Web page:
It is amazing how prolific our beloved Pope Benedict XVI is given all his responsibilities. In 2010, he produced yet another document, his Apostolic Exhortation, The Word of the Lord. Its theme centers around the Word of God in the life and mission of the Church. His message is important and urgent. For me, that message is wonderfully summed up as follows: "Christ needs to be seen and his voice heard, for 'if there is no room for Christ, there is no room for man.'"

KNOXVILLE, TN (Catholic Online) - It is amazing how prolific our beloved Pope Benedict XVI is given all his responsibilities. In 2010, he produced yet another document, his Apostolic Exhortation, The Word of the Lord. Its theme centers around the Word of God in the life and mission of the Church. His message is important and urgent. As such, I have highlighted a few of the points that the Pope addressed in this powerful document.

The first point states that God not only created us, but He has also reached out to us in order to "enter into loving communion with us" (cf. 6). We can see this in the Incarnation, that is, the life, death and resurrection of Jesus. We also see it in creation and salvation history via the prophets, the Apostles, the Church's Tradition, and the Sacred Scriptures. All of these elements comprise the Word of God. Christianity is not a "religion of the book"; Christianity is the "religion of the Word of God" (7).

The second point specifically concerns the Sacred Scriptures and the crisis in modern scholarship. Pope Benedict reminds us that the Scriptures were written by a faith-filled community under the inspiration of the Holy Spirit. Consequently, the Scriptures must be interpreted with this view in mind (29-30). Modern scholarship not only attempts to divorce the text from its proper context, but it approaches the Scriptures with certain preconceived notions that are inimical to the faith.

For instance, a fundamental premise underlying much modern scholarship of the Scriptures is that the "Divine does not intervene in human history" (35b). This premise completely negates the message and meaning of the Scriptures, and it largely explains many of the false and confusing statements we hear today. For instance, we often hear that the Eucharist is not the true Body and Blood of Jesus, or Jesus did not physically rise from the dead, but only in the hearts and minds of his disciples. Clearly, these statements are fundamentally flawed.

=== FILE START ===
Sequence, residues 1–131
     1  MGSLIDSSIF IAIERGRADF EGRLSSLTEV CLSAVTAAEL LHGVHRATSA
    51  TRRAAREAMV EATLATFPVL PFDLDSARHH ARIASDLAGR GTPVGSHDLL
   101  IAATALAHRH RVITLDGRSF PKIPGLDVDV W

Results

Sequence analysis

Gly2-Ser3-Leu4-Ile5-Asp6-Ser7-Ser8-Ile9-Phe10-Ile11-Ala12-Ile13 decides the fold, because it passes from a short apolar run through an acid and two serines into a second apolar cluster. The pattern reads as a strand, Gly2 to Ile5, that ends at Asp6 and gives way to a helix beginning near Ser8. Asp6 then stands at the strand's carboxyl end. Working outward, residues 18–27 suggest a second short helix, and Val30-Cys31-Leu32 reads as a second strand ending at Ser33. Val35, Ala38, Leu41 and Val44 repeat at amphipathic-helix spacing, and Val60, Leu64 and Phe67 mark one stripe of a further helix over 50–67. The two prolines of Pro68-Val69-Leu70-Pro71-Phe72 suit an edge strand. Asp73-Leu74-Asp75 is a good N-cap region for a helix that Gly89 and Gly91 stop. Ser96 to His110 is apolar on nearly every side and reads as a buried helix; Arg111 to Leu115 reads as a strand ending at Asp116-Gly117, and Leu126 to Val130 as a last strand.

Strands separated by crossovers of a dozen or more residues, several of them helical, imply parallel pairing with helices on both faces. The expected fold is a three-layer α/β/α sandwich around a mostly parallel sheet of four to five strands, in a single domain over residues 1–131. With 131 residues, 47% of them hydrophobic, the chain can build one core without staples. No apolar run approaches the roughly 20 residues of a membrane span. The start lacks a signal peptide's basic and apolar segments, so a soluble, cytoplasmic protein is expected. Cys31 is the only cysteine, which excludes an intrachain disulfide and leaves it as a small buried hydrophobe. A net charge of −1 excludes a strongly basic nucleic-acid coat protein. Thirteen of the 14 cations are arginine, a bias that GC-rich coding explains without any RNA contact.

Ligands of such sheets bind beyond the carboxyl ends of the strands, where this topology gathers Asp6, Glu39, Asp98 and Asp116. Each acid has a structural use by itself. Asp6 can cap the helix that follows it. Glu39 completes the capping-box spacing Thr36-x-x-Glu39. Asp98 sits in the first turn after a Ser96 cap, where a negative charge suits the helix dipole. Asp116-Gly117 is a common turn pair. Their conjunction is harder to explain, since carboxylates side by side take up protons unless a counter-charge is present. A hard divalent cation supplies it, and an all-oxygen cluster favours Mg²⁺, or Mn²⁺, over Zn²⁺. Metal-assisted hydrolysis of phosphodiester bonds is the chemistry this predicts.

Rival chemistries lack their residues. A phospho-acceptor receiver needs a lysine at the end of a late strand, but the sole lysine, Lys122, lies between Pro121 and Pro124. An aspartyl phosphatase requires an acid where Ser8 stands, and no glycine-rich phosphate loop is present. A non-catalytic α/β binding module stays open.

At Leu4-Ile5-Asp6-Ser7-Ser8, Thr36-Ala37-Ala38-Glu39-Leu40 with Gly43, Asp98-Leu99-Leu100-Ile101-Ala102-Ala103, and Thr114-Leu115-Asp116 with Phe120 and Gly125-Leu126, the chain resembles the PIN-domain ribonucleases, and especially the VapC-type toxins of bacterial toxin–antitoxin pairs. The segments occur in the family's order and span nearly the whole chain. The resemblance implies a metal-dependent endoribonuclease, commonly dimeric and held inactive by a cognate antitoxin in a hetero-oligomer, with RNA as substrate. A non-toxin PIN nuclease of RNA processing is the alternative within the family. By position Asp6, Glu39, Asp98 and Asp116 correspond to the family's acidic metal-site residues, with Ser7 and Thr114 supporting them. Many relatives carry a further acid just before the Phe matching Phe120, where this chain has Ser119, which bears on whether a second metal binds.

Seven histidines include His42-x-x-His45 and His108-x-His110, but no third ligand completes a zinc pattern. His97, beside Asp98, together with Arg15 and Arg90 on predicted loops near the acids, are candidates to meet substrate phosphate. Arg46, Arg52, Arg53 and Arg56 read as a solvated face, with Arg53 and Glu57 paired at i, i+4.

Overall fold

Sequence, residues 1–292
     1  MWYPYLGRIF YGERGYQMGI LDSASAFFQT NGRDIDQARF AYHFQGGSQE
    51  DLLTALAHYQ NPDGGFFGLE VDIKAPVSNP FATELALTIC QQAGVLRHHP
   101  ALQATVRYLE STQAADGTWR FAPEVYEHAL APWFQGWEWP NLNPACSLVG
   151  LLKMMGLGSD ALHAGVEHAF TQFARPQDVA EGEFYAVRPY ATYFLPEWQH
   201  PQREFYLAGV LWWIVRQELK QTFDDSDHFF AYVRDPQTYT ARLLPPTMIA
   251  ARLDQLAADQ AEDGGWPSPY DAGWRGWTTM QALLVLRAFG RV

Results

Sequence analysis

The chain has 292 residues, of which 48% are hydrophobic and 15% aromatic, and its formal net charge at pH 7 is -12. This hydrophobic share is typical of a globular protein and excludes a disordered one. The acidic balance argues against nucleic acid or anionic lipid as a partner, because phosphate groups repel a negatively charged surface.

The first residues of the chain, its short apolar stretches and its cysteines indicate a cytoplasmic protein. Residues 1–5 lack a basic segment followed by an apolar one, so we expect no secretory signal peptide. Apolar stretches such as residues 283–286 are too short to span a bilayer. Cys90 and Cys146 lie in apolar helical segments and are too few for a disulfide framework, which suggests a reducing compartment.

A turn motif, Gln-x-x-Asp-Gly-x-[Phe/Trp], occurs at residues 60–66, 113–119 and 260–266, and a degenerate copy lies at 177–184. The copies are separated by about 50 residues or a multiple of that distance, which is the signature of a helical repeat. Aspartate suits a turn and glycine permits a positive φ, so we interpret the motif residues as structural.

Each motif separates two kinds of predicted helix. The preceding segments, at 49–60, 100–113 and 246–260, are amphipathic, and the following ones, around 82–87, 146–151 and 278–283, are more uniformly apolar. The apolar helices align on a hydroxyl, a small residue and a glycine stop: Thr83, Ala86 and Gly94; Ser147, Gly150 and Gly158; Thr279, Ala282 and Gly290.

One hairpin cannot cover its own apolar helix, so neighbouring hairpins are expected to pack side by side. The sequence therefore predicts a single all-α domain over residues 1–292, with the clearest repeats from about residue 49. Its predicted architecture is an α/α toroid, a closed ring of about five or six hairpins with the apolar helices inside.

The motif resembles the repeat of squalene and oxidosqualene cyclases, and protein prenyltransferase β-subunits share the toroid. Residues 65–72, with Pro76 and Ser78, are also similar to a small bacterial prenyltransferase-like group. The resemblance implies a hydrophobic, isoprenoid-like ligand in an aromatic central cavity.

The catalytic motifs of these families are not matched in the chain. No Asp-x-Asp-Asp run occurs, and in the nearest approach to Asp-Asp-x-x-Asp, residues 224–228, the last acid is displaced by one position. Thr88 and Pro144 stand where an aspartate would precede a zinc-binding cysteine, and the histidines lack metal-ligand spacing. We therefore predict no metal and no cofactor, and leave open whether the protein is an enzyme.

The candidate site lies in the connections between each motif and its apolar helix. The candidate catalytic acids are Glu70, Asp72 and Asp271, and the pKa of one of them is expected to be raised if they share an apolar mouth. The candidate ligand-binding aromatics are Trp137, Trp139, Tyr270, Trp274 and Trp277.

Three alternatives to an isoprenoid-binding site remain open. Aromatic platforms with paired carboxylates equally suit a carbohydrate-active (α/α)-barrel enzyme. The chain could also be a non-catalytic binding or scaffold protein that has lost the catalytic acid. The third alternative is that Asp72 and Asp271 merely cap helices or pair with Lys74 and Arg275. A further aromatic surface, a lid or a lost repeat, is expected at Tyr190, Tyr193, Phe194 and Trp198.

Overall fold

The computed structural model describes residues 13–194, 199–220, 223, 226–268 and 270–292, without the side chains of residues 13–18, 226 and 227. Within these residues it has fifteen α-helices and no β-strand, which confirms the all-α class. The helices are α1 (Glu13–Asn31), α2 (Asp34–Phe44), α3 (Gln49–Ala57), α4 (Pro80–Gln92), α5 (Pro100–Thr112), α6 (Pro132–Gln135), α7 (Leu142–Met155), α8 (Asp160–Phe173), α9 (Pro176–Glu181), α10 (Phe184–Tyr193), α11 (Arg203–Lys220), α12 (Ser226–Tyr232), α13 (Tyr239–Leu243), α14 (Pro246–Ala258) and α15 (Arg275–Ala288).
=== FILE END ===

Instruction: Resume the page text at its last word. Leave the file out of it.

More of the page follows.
In the final point, Pope Benedict reminds us that the most privileged place for the proclamation, hearing and celebration of the Word of God is in the liturgy, that is, during the Mass and other liturgical celebrations (72). Upon receiving the totality of the Word, the Church allows herself to be transformed by it. And as the Church becomes transformed, she is drawn into Christ's life and mission, which empowers her to proclaim the Word to the world. But it is not just the clergy and consecrated religious who are to carry out this mission, the laity are "to bear witness to the Gospel in daily life" (94).

One way the Catholic laity can witness to the Gospel is by taking part in political and social life (94). Rather than being ashamed of our faith, we should be confident. Christianity offers society a consistent, ordered, rational view of reality and human nature which promotes high moral standards. As such, society desperately needs us to defend the dignity of the human person and the true common good.

Of course, Pope Benedict's exhortation on the Word of God is much richer than these three points indicate. Yet, I believe that they are enough for us to appreciate the importance and the urgency of his message. For me, that message is wonderfully summed up as follows: "Christ needs to be seen and his voice heard, for 'if there is no room for Christ, there is no room for man'" (113).
 
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Michael Terheyden was born into a Catholic family, but that is not why he is a Catholic. He is a Catholic because he believes that truth is real, that it is beautiful and good, and that the fullness of truth is in the Catholic Church. However, he knows that God's grace operating throughout his life is the main reason he is a Catholic. He is greatly blessed to share his faith and his life with his beautiful wife, Dorothy. They have four grown children and three grandchildren.